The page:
Tough laws will punish thieves who target memorials
METAL thieves who steal from war memorials are to face tough new penalties, a Government minister has warned.
Measures to stop cash being paid for metal and give the police stronger powers to target rogue traders will come into force next month.
Four bronze plaques listing fallen servicemen were taken from the Naval Memorial on Plymouth Hoe in 2008, sparking outrage among city people and veterans.
Now harsher penalties are about to kick in punishing those who target war memorials, Crime Prevention Minister Jeremy Browne has warned.
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Mr Browne is the Liberal Democrat MP for Taunton Deane, in Somerset, which has also been plagued by thefts and vandalism to war memorials.
"These thieves show an utter disregard for the memory of the courageous men and women who paid the ultimate sacrifice for their country," he said.
"The Government is determined to stamp out this illegal trade, which in recent years has cast a shadow over Remembrance Sunday for bereaved families.
"That is why we are reforming the scrap metal industry to support legitimate dealers and tighten the net around those who flout the rules."
The Scrap Metal Dealers Bill, tabled by Tory MP Richard Ottaway, is expected to receive parliamentary approval in the New Year. The Private Member's Bill, supported by the Government, will mean all scrap dealers would have to apply for a mandatory licence from their local authority, which would also have the power to suspend or revoke the licence if any illegal activity were suspected.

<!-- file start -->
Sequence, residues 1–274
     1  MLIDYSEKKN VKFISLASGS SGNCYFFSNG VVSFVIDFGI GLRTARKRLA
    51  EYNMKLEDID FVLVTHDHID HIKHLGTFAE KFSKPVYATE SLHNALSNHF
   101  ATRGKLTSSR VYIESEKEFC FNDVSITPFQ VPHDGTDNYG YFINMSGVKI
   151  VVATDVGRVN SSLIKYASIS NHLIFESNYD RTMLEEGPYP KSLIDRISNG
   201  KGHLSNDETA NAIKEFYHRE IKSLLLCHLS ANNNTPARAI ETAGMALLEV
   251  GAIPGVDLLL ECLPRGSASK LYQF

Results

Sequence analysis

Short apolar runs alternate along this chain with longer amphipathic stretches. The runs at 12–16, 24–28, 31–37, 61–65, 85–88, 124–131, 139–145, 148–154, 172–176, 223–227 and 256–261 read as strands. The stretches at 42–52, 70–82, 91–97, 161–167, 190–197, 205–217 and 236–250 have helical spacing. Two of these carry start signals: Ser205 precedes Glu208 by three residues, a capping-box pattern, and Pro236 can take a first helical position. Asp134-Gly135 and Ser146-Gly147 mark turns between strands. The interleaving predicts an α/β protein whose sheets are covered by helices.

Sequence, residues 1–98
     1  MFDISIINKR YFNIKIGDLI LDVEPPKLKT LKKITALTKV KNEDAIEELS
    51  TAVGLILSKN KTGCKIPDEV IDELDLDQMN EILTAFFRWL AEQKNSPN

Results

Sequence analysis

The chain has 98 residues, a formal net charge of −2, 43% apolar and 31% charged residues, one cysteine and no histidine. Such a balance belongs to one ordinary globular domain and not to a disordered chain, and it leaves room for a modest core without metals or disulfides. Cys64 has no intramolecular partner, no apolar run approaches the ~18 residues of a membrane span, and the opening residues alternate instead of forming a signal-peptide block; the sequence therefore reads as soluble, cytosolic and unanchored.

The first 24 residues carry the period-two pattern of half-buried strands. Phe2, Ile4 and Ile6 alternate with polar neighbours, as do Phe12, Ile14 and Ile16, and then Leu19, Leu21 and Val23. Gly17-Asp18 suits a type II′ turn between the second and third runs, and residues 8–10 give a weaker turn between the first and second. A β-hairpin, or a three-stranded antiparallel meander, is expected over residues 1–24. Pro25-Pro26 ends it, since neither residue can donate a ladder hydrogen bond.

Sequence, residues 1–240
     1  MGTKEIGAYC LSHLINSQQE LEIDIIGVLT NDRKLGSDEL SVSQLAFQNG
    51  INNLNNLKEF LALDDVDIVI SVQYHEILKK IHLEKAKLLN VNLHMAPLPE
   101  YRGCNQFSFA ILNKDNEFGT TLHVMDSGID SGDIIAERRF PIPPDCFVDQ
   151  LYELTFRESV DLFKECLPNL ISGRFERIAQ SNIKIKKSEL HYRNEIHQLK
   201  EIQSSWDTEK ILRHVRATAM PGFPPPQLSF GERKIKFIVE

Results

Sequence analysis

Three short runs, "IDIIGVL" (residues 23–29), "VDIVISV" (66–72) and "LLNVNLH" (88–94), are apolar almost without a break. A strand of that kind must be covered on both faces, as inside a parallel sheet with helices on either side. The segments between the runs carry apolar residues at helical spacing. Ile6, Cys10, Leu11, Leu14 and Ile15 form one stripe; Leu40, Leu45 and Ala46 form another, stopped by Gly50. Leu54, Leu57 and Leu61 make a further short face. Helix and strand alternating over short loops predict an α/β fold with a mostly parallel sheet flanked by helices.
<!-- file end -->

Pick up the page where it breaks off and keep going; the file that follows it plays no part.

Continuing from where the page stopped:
Police would also be given greater powers to inspect unlicensed scrap yards and charge those operating them.
The Bill, which passed its third reading in the House of Commons last week, is in addition to a dedicated £5million given to the metal theft taskforce and a number of recent legislative changes to tackle the problem, including banning all scrap metal dealers from trading in cash and increasing each of the financial penalties under the existing regulation of the scrap metal sector.
The changes will take effect on December 3.
Four bronze plaques were stolen from the Naval War Memorial on the Hoe in June 2008 – just hours after the city celebrated National Veterans Day.
Thieves targeted the landmark twice in the same week and made off with the valuable metal.
Police tracked the plaques down to Minehead, in Somerset. But one had been cut in half and the others damaged, meaning a costly recasting job.
In June the following year Daniel Wiles, from Embankment Road, Prince Rock, pleaded guilty to two charges of handling stolen goods.
Wiles, then aged 27, was sentenced to 14 months in jail, to be served concurrently with an indefinite sentence for admitting three counts of sexual assault.
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